Legal Opinion 1)
COMMONWEALTH OF VIRGINIA Office of the Attorney General
April 27, 2010 The Honorable Christopher K. Peace Member, House of Delegates P.O. Box 819 Mechanicsville, Virginia 23111
Dear Delegate Peace:
I am responding to your request for an official advisory opinion in accordance with § 2.2-505 of the Code of Virginia.
You ask whether an e-cigarette falls within the definition of smoke or smoking for purposes of § 15.2-2820.
It is my opinion that using an e-cigarette does not fall within the definition of “smoke” or “smoking” for purposes of § 15.2-2820.
You relate that an electronic cigarette, also known as an e-cigarette or a personal vaporizer, is a battery-powered device that provides inhaled doses of nicotine by way of a vaporized solution. You note that the e-cigarette serves as an alternative to traditionally smoked tobacco products, such as cigarettes, cigars, or pipes. Finally, you observe that the e-cigarette produces no smoke and no combustion is involved in its operation.
Applicable Law and Discussion
Section 15.2-2824(A) prohibits smoking in a variety of locations, including elevators, public school buses, and the interior of public elementary, intermediate and secondary schools. Section 15.2-2825(A) forbids smoking in restaurants. Finally, § 15.2-2820 defines “smoke” or “smoking” as “the carrying or holding of any lighted pipe, cigar, or cigarette of any kind, or any other lighted smoking equipment, or the lighting, inhaling, or exhaling of smoke from a pipe, cigar, or cigarette of any kind.” First, an e-cigarette does not involve the “inhaling, or exhaling of smoke.” Smoke is defined as “the gaseous products of burning carbonaceous materials made visible by the presence of small particles1 of carbon.” To be sure, one definition of smoke is “fume or vapor often resulting from the action of heat on moisture.”2 That, however, is not the way the term smoke is commonly understood. Statutes should4 be construed under their “ordinary and plain meaning.” Water vapor containing traces of particulate matter, such as water evaporating from a tea kettle, is not ordinarily understood to be “smoke.” An e-cigarette5 does not function in manner of a traditional cigarette because it functions electrically rather than via combustion of a material such as tobacco. Therefore, the vapor emitted by an e-cigarette would not fall within the definition of “smoke” or “smoking” in § 15.2-2820. Second, an e-cigarette is battery6 powered and is not “lighted” as that term is commonly understood. No flame is involved in its operation.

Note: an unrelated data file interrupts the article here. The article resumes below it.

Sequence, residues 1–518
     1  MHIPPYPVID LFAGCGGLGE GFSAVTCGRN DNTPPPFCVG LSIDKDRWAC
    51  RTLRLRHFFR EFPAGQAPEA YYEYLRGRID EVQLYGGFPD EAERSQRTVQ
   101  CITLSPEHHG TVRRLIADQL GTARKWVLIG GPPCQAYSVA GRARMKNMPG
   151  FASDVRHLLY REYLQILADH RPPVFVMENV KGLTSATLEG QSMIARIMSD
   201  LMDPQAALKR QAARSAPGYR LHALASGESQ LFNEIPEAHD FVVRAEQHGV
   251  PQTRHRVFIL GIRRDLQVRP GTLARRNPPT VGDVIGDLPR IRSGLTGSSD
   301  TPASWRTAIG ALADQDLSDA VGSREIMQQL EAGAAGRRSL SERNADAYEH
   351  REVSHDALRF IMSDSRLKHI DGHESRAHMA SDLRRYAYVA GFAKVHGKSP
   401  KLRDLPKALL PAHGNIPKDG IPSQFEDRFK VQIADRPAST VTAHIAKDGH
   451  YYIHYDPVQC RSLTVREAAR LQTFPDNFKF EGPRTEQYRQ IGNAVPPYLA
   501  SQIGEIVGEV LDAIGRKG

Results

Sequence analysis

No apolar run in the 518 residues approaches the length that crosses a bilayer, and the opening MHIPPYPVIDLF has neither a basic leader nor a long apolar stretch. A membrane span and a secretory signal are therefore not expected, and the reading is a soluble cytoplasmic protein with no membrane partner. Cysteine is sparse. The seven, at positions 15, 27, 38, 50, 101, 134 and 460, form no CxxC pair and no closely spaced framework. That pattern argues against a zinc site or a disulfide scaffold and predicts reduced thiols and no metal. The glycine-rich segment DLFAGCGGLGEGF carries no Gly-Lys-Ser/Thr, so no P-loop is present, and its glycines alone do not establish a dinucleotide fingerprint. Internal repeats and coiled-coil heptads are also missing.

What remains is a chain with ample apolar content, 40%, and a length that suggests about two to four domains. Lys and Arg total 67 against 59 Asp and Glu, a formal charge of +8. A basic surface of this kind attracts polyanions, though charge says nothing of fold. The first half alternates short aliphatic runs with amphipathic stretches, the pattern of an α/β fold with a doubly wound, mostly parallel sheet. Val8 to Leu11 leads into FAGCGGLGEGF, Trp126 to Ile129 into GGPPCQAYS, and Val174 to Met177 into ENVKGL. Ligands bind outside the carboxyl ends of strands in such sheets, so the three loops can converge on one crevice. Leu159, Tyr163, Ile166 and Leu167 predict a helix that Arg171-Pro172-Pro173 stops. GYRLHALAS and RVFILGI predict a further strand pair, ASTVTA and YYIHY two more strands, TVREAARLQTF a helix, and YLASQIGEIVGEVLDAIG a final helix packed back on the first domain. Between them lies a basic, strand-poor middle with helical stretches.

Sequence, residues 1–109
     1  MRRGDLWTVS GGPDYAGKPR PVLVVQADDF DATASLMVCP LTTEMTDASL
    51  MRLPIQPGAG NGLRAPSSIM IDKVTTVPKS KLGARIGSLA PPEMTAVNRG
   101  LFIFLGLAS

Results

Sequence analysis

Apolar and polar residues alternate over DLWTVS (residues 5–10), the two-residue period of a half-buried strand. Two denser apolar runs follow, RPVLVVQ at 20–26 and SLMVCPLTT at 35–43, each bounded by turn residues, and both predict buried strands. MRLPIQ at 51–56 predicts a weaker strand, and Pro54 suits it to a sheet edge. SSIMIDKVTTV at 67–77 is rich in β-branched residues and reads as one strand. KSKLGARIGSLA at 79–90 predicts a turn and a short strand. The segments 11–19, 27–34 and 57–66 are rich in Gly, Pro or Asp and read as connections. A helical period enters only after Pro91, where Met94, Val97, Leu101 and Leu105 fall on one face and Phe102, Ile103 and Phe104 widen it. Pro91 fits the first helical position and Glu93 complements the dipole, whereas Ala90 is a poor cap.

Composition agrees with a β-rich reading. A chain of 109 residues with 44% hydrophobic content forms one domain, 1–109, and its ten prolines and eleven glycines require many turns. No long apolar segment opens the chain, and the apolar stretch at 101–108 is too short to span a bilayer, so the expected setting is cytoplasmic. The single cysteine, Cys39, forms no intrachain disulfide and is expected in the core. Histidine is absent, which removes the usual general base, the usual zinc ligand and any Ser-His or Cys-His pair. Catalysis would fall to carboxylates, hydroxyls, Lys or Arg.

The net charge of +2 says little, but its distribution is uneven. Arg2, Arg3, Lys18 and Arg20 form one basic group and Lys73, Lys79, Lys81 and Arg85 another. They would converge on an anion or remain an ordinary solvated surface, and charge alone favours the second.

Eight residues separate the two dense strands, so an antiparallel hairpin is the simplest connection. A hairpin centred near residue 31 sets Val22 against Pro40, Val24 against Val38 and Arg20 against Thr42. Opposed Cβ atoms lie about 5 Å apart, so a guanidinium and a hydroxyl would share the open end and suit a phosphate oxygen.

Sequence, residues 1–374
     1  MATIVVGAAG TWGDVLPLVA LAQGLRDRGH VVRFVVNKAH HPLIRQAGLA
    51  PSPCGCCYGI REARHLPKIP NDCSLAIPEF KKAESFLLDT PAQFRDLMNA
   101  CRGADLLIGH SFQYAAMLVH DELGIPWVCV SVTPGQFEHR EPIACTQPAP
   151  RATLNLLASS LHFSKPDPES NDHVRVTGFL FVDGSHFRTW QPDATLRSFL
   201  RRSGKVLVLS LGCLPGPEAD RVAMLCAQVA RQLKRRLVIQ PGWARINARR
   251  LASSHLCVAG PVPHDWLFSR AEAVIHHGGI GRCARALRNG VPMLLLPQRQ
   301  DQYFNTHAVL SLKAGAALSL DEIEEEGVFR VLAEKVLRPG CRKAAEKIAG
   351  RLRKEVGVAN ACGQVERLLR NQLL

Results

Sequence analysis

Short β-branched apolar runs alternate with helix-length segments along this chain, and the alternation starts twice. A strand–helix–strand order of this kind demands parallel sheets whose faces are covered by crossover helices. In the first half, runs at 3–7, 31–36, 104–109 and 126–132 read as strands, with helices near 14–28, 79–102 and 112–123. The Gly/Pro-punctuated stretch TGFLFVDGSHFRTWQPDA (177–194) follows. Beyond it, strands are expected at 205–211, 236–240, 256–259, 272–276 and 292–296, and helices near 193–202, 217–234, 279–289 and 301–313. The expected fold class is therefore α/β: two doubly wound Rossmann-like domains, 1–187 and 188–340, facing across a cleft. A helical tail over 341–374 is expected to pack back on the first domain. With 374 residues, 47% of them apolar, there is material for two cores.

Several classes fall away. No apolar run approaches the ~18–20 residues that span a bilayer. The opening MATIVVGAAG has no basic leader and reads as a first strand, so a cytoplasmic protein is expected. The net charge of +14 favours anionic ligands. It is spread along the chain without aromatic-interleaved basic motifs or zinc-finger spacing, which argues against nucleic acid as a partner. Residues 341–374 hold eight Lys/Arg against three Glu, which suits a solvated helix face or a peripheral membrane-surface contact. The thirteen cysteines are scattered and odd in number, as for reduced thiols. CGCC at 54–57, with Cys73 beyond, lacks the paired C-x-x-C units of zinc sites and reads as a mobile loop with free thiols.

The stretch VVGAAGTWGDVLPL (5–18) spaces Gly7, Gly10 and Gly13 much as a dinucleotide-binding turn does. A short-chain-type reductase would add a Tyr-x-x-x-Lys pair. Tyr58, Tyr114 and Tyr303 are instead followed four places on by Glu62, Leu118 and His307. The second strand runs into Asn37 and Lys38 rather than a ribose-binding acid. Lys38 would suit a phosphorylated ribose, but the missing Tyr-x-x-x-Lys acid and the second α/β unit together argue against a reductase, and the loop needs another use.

Accordingly, it is my opinion that using an e-cigarette does not fall under the definition “smoke” or “smoking” for purposes of § 15.2-2820.
With kindest regards, I am Very truly yours,
Kenneth T. Cuccinelli, II Attorney General
1 MERRIAM-WEBSTER’S THIRD NEW INTERNATIONAL DICTIONARY OF THE ENGLISH LANGUAGE UNABRIDGED 2152 (1993).
3 The Third New International Dictionary provides, as an illustration of the “fume or vapor” definition of “smoke,” a quote from sixteenth-century English author John Lyly: “steeds … whose breaths dimmed the sun with [smoke].” Id. Referring to exhalation as “smoke” is not a common use of the term “smoke.”
4 See, e.g., Winborne v. Va. Lottery, 278 Va. 142, 148, 677 S.E.2d 304, 306 (2009).
5 See, e.g., http://www.ecigaretteschoice.com/pages/How-it-Works.html (last visited Apr. 19, 2010) (explaining how e-cigarette works).
6 See MERRIAM-WEBSTER’S COLLEGIATE DICTIONARY 671 (10th ed. 2001) (defining “light” to mean “to ignite something (as a cigarette)” or “to set fire to”).